The planet was rich in minerals, though ore, which existed in quantities too small to be of interest to the Federated Sentient Planets as a mining concern, was not easily accessible. Near a small chain of lakes in the Southern Continent west of a vast lake feeding three rivers, investigation revealed deposits of iron, copper, vanadium, platinum, and gold. More minerals, including tin, bauxite, and nickel, were found farther to the west in dense, sulfurous mud flats. Gem-quality minerals existed in plenty, including diamonds, rubies, quartzes, beryls, and an entire range of precious stones. Three landing sites were identified in the South.
The big islands in the bay to the north were largely basaltic. The largest was a puzzle of geological samples. The western half was limestone overlying schist, with granite outcropping on the southwest coast. Gold-bearing quartz and all the corundum minerals appeared on that island, as well as black diamond crystals. The sites produced enormous high-quality rough jewels, some of which were taken back by the landing team for further study.
Two potential landing sites were identified on the Northern Continent. One lay at the top of a chain of small lakes near what would one day be Telgar Hold. The other lay at the source of the river flowing near what is now Benden Weyr.
A hearty plant with delicious pungent-smelling bark passed the scientists' toxicity test. An infusion of the bark proved to taste as good as it smelled, like a
cross between coffee and chocolate with a spicy aftertaste. To produce a strong enough infusion to drink, they ground up some of the bark and brewed it like coffee. In time, both the tree and the
drink came to be known as klah.
COLONIAL LANDING, THE SHIPS AND COMMANDERS
A Charter was drawn up between the group of colonists and the Council of the Federated Sentient Planets. Six thousand twenty-three people signed the Pern Charter, giving them rights to certain numbers of stake acres. Three ships, under the command of Admiral Paul Benden, a hero of the Nathi War, spent fifteen years crossing from Earth to the Rukbat system. The Yokohama held the same number of people, both awake and in deepsleep, as the Buenos Aires and the smaller Bahrain combined.
One more sentient life-form joined the humans' exodus to Pern: Twenty-five dolphins, all volunteers, slept in the cryogenic chambers. Like the humans, they were eager to explore new seas, and they had no objection to be put to work rounding up specimens of native creatures for the human marine biologists.
Each ship was constructed on long metal vanes interposed between the engines at the rear and a spherical living-and-cargo pod at the forward end. Cargo that did not need atmosphere or special care was lashed between the vanes to save interior space. Access to the engines was through a narrow passage that led through the core of the vanes but could be shut off from atmosphere.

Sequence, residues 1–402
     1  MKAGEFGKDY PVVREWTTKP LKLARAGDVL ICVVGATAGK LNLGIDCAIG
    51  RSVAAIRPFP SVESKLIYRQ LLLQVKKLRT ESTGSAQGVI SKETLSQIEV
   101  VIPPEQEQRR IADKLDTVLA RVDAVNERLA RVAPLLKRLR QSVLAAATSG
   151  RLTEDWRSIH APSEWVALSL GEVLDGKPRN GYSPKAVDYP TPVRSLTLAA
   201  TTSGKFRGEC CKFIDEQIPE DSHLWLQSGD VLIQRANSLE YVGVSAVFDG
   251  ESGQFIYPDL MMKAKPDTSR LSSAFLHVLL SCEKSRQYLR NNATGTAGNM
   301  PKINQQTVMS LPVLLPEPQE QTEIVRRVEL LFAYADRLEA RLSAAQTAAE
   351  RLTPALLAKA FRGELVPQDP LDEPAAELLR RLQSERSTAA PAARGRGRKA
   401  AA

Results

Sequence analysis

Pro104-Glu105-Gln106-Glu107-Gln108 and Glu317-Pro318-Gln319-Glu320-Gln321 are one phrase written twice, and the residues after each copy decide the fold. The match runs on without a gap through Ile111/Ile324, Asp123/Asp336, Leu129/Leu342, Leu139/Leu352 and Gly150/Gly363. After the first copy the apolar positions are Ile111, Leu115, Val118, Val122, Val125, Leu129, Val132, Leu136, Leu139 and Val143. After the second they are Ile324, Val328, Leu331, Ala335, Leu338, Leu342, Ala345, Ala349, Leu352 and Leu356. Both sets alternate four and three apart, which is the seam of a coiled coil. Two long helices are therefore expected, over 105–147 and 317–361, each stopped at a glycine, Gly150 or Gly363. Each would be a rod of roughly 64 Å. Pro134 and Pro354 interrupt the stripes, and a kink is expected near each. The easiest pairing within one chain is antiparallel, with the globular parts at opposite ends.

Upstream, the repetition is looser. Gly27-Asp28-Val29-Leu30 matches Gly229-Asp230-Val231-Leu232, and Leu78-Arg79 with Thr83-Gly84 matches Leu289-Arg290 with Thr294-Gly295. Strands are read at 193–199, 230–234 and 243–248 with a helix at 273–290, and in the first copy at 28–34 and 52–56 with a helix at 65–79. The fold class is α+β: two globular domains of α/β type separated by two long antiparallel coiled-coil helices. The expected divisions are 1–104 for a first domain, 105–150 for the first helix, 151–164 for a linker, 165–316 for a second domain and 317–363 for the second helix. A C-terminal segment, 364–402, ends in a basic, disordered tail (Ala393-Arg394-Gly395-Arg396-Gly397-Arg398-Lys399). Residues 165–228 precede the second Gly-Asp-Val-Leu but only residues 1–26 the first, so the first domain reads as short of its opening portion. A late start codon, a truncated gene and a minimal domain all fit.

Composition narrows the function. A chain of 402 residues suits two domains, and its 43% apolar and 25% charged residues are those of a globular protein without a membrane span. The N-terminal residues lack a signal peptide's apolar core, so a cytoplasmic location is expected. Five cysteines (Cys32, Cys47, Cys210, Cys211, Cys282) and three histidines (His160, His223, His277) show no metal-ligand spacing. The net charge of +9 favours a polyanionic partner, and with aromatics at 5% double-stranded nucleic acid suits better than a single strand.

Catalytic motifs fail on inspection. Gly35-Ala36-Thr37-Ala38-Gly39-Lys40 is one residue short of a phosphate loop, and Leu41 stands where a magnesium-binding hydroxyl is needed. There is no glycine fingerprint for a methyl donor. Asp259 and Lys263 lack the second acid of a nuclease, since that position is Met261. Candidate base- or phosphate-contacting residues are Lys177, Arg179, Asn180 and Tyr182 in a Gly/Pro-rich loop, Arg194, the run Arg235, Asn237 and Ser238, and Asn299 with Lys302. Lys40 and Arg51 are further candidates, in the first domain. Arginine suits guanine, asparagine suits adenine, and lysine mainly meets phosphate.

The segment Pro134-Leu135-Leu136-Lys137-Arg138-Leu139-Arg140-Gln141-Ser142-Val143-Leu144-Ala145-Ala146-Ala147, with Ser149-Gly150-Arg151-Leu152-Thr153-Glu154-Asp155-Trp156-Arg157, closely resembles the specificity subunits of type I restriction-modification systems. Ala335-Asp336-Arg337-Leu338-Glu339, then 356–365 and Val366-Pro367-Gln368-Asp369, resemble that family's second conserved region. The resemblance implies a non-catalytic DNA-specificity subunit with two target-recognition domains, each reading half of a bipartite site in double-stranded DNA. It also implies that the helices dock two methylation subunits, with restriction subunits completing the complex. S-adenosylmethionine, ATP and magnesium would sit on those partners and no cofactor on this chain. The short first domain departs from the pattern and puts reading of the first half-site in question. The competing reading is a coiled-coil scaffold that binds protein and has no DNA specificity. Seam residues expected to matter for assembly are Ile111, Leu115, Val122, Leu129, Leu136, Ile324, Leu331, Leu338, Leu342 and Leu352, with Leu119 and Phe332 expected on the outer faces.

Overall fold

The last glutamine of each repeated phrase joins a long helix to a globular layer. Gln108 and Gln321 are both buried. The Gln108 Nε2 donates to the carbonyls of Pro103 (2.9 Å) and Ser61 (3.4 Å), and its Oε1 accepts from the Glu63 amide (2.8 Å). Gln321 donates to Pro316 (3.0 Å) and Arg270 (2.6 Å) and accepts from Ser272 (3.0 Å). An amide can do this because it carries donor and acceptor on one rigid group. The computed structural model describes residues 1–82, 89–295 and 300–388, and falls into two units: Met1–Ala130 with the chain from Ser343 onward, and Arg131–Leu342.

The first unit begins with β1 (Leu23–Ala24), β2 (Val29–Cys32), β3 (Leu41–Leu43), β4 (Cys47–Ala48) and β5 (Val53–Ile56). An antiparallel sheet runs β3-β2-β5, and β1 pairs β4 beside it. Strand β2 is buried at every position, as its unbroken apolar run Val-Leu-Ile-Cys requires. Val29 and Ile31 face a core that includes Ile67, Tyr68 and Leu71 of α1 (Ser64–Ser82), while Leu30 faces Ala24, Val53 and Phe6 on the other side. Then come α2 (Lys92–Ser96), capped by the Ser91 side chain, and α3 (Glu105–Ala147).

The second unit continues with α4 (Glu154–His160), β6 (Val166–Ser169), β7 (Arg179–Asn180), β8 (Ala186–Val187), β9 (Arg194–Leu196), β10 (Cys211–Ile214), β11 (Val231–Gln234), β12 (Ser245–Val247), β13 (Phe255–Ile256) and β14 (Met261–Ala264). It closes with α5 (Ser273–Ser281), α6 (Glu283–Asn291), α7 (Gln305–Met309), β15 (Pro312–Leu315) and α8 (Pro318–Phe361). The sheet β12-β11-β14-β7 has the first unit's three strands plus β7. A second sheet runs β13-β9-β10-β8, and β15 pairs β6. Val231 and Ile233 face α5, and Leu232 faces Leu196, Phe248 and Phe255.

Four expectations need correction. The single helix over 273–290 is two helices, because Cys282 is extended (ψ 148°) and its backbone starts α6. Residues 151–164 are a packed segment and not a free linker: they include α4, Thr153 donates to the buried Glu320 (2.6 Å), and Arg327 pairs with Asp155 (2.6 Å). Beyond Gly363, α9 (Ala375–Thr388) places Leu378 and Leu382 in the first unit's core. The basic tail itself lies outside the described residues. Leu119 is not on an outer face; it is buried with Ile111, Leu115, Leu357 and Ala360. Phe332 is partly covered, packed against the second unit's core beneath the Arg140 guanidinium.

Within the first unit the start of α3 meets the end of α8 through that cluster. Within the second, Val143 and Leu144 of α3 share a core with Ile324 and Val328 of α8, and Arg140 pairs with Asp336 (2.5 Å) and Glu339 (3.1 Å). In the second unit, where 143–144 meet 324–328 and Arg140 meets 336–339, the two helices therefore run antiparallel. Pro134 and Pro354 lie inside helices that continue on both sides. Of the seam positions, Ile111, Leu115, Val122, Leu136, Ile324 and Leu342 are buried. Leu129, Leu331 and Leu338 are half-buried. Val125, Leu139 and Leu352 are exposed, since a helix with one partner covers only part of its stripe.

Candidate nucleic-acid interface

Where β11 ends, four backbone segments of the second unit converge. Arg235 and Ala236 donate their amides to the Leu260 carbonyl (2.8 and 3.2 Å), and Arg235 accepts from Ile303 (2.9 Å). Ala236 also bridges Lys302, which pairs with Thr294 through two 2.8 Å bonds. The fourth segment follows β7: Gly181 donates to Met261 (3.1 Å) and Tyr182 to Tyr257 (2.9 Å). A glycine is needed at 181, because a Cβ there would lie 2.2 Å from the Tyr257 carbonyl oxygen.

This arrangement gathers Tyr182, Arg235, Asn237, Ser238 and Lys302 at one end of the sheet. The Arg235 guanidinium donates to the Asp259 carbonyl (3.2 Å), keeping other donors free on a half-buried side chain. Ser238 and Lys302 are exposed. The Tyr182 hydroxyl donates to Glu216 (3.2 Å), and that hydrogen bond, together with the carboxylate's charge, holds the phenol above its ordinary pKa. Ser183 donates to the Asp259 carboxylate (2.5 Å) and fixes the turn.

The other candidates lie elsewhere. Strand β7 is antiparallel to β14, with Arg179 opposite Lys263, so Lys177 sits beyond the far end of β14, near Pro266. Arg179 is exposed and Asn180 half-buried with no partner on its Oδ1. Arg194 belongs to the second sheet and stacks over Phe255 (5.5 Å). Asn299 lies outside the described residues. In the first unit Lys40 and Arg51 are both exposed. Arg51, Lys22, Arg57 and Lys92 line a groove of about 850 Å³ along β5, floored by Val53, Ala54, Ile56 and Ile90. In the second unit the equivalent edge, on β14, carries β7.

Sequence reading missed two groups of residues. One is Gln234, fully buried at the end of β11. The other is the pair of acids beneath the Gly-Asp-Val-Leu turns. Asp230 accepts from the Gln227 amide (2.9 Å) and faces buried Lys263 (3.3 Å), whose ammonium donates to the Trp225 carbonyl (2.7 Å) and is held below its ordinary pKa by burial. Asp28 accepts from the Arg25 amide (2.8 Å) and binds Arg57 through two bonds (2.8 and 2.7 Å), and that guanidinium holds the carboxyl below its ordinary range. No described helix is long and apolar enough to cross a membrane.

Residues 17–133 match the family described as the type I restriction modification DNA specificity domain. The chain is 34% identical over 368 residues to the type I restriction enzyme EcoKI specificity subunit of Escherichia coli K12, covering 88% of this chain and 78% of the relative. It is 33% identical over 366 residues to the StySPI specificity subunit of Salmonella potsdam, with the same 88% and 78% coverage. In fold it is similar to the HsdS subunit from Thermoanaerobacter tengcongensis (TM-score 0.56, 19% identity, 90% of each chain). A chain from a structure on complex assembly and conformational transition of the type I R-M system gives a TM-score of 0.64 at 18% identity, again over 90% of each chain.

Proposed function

The journey took fifteen Earth years. The crew aboard each ship alternated five-year shifts out of cryogenic sleep. Only vital personnel, among them Admiral Paul Benden and his two captains, Ezra Keroon and James Tillek, along with astrogator Avril Bitra, spent the entire trip awake. Benden had been the commander of the Purple Sector Fleet and led the FSP victory at Cygnus, which turned the tide of war against the Nathis. He was in his eighth decade when the colonists departed Earth. Humans of his day could expect to live up to eleven decades, so he was considered to be in late middle age.
Six months before they reached Pern, the landing specialists were awakened to give them time to adjust before their services were needed. Emily Boll, co-leader of the colony, began final organization of the first landing personnel. The ships entered Pern's system at the end of the winter season in the Southern Continent, late autumn in the North.
Charter members of the colony, mostly veterans or surviving dependents of parents killed in the Nathi War, were allowed to purchase “stake” acres on Pern.
Specialists could buy stake acres, too, by contracting their services, so many acres per contract year. There were approximately the same number of specialists as charterers. The third group was made
up of 721 nomads—Jensche, Tuareg, gypsies, and Irish traveling folk—who, having resisted every assimilation or indoctrination program of Earths increasingly high-tech society, were no longer welcome on their home planet. Taking the nomads along to Pern had been a requisite of the FSP-colonist Charter. All the two
groups had in common was the wish to escape the over-technicized, impersonal society of the FSP worlds or the memory-filled remains of the war.
The chosen landing site, named Landing, was on the volcanic plateau in the South-ern Continent behind an extinct cone of enormous size with three small cones in a line pointing away from it to the southwest. The large volcano was named Mount Garben, in honor of a senator who had been of service in expediting the FSP's approval of the colony.
After all the cargo had been brought down, the two smaller ships were completely gutted. Everything usable was taken, from bolts to the fuel tanks strapped alongside the cargo bulk. In time, the Yokohama was the only ship with functional machinery left aboard. The communications receiver and the voice-activated computer which had guided the ships to Pern were not taken down to the surface. Nothing was left of the Dawn Sisters, as the orbiting ships came to be called in later centuries, but the spheres and vanes.
NATIVE FLORA, NATIVE FAUNA
The leaves of the local flora were predominantly acuminate or ovate at the apexes, and many had sagittate, truncate, or ovate bases, giving them the appearance of arrowheads or dragon-tails. Pernese leaves were angular and sharp, unlike most Terran plants, which had rounder outlines.